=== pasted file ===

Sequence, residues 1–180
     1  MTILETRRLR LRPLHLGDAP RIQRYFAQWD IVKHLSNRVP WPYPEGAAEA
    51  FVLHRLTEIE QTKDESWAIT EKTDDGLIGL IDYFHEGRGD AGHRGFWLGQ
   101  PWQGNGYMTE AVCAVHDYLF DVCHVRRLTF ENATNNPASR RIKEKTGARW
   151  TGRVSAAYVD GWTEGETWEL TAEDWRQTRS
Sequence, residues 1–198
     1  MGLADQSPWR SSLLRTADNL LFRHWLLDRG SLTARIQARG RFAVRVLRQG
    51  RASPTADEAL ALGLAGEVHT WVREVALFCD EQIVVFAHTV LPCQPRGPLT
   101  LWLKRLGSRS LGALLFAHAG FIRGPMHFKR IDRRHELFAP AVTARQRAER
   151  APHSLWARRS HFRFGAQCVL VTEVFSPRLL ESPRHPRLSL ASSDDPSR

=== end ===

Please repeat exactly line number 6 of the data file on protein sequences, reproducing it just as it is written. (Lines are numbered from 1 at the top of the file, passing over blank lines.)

Sequence, residues 1–198